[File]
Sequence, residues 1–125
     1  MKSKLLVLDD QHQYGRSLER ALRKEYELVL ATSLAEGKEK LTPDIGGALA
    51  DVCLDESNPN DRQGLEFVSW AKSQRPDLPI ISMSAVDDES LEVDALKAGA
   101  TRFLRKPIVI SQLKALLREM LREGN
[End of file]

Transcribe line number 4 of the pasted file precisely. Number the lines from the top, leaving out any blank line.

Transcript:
   101  TRFLRKPIVI SQLKALLREM LREGN